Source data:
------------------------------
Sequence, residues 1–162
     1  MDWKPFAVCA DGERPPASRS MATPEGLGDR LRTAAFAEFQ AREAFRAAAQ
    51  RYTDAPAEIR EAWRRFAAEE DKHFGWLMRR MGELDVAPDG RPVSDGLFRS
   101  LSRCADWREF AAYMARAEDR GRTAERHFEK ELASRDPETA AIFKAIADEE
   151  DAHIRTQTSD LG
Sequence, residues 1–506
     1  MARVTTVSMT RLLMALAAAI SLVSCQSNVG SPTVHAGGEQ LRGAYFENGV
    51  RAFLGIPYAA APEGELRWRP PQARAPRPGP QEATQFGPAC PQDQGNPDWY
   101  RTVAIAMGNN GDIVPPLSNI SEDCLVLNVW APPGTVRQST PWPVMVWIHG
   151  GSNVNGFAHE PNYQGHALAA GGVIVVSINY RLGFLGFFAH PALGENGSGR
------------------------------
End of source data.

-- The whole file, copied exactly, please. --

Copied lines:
Sequence, residues 1–162
     1  MDWKPFAVCA DGERPPASRS MATPEGLGDR LRTAAFAEFQ AREAFRAAAQ
    51  RYTDAPAEIR EAWRRFAAEE DKHFGWLMRR MGELDVAPDG RPVSDGLFRS
   101  LSRCADWREF AAYMARAEDR GRTAERHFEK ELASRDPETA AIFKAIADEE
   151  DAHIRTQTSD LG
Sequence, residues 1–506
     1  MARVTTVSMT RLLMALAAAI SLVSCQSNVG SPTVHAGGEQ LRGAYFENGV
    51  RAFLGIPYAA APEGELRWRP PQARAPRPGP QEATQFGPAC PQDQGNPDWY
   101  RTVAIAMGNN GDIVPPLSNI SEDCLVLNVW APPGTVRQST PWPVMVWIHG
   151  GSNVNGFAHE PNYQGHALAA GGVIVVSINY RLGFLGFFAH PALGENGSGR